Live Christmas trees are awe-inspiring, but they also pose a significant fire risk. The National Fire Protection Association urges celebrants to purchase only healthy trees with fresh, green needles that do not fall off when touched. Such trees are less likely to dry out, especially when well-watered throughout the season. Dry trees can catch fire more easily than healthy trees if embers from nearby fireplaces or candles drift in their direction.

Recognize that location matters when decorating

The NFPA notes that Christmas trees should always be placed at least three feet away from any heat source, including fireplaces, space heaters, heat vents, candles, and even overhead lights. If decorating with candles, never place them on the tree or on tables where other flammable decorations have already been placed. Chanukah menorahs should never be placed near curtains or other decorations.

Turn off all lights and extinguish all lit decorative items when leaving the home or going to bed

Lit candles and menorahs should never be left unattended. The NFPA recommends turning tree lights and exterior decorative lights off when leaving the home or going to bed.

Utilize a fire screen on fireplaces

Embers can catch on trees, decorations or anything else that’s flammable if they escape the fireplace. Fire screens prevent that from happening by ensuring embers from burning logs stay in the fireplace. Like candles and menorahs, fires burning in a fireplace should never be left unattended. Make sure all embers have been extinguished before leaving the home or going to bed.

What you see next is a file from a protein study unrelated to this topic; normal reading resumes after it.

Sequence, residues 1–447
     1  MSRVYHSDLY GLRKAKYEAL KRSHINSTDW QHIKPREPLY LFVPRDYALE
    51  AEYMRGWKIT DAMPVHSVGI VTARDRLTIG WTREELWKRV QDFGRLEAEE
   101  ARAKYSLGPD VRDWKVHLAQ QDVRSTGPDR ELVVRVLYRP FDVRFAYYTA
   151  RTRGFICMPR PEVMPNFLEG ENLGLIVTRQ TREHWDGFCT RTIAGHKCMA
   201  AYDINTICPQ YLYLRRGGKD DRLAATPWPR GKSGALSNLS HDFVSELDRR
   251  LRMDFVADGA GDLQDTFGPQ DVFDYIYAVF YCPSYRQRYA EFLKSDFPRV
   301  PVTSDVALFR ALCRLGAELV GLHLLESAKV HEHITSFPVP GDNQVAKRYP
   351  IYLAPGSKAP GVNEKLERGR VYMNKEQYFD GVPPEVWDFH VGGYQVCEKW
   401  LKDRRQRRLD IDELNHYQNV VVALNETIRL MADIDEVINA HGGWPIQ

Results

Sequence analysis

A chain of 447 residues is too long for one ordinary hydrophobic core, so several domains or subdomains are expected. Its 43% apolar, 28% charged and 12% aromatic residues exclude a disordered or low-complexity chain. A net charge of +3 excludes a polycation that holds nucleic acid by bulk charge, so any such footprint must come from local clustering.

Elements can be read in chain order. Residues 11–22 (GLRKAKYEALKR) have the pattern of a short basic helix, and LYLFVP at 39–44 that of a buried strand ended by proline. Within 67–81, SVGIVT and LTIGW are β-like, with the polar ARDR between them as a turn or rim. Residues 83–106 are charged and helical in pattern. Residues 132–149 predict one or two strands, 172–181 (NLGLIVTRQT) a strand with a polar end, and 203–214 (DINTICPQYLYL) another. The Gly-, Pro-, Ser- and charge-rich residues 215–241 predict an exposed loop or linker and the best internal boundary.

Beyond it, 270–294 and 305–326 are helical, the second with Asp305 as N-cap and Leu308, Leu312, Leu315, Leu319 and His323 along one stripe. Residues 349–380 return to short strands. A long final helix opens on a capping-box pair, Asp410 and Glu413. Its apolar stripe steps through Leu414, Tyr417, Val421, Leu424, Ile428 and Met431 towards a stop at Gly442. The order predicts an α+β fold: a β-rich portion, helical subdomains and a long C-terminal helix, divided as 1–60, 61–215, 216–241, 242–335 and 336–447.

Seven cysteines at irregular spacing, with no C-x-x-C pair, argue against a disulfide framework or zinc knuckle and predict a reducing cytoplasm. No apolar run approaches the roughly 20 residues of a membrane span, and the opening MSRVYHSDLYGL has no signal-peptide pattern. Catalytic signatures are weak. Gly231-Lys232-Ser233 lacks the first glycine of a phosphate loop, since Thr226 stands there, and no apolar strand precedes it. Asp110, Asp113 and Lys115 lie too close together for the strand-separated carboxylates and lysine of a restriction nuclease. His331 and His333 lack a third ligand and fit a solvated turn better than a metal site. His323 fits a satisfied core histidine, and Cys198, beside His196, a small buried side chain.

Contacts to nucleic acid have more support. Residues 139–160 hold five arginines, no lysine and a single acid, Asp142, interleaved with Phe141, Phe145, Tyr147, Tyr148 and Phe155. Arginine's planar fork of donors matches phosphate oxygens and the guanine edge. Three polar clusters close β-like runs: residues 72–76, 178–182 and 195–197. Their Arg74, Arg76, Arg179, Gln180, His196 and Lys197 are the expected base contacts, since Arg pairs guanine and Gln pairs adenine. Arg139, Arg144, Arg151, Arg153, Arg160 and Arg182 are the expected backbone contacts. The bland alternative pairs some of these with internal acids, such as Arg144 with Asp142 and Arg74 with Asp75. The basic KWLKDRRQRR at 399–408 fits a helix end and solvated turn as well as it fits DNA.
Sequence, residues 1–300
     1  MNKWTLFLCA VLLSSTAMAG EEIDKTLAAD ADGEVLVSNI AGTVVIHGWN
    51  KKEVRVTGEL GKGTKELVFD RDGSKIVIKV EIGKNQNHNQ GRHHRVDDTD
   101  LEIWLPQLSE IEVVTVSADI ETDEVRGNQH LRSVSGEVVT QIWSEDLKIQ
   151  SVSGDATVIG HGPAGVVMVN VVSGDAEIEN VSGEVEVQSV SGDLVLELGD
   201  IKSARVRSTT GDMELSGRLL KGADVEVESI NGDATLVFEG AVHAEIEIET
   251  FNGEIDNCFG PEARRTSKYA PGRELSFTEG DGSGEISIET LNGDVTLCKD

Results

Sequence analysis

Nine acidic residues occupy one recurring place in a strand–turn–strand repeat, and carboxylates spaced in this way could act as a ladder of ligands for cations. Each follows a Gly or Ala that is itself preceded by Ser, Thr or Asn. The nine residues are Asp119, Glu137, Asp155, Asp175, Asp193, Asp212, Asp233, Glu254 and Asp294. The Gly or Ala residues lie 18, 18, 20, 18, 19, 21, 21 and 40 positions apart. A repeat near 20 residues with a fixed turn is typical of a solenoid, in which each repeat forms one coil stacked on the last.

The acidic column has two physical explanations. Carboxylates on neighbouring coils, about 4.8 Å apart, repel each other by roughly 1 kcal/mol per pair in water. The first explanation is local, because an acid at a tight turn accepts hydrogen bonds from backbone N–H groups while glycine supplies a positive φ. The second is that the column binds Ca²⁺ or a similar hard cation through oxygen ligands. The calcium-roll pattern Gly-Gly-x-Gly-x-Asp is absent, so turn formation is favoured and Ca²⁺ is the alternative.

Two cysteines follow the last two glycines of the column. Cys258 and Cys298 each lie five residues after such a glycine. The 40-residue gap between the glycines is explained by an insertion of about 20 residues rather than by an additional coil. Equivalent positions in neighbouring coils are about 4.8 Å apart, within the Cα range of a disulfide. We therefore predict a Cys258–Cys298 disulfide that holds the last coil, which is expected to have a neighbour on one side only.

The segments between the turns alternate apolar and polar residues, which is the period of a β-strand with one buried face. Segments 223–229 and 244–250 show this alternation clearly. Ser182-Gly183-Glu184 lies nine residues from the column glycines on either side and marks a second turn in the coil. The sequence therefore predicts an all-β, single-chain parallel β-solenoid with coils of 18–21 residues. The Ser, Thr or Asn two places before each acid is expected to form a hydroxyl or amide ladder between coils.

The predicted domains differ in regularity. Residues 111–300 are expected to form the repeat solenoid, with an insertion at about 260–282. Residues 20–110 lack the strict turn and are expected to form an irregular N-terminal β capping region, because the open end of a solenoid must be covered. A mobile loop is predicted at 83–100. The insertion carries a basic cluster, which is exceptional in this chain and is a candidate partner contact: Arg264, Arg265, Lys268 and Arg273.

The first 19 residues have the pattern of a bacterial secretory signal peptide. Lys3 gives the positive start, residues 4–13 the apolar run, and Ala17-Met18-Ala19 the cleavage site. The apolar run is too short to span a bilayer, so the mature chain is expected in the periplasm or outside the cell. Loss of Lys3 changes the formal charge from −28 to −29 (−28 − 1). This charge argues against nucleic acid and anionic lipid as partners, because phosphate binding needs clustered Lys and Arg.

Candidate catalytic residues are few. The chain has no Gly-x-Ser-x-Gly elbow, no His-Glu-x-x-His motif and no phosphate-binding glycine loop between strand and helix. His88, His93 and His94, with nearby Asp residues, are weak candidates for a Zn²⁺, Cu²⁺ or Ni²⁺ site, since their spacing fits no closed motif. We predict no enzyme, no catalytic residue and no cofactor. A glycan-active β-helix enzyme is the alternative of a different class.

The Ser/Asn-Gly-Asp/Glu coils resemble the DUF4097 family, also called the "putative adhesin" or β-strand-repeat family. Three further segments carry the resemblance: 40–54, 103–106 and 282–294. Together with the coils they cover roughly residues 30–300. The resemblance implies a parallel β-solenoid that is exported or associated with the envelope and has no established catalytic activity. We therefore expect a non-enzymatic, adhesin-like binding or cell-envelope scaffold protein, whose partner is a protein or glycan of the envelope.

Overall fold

Keep discarded trees away from your home

A 2014 analysis from the NFPA found that none of the ten days with the largest share of Christmas tree fires were before Christmas. Dried out trees still pose a fire risk even after they’ve been removed from a home. When discarding a tree at the end of the holiday season, place it at the curb or keep it a safe distance away from your home and garage until you can.

Fire safety measures are an important component of the holiday season that can prevent this joyous time of year from turning tragic.

What to Do With Thanksgiving Leftovers

Holiday hosts toil for hours to create lavish meals everyone will enjoy. It’s not uncommon for Thanksgiving tables to be covered with more food than guests can conceivably (and comfortably) consume. Leftovers are the norm, but without a plan for what to do with leftovers, food can spoil or end up in the trash.

Here are some delicious and waste-conscious ways to put Thanksgiving or other holiday meal leftovers to use.

Wrap it up promptly

Even though you may want to sit around and chat with guests when the meal is finished, leaving food out at room temperature for too long can create a breeding ground for microbes that may lead to food spoilage and sickness. With a few helping hands, all foods can be packaged away in no time, ensuring that drumsticks or stuffing can safely be served another day.

Collect containers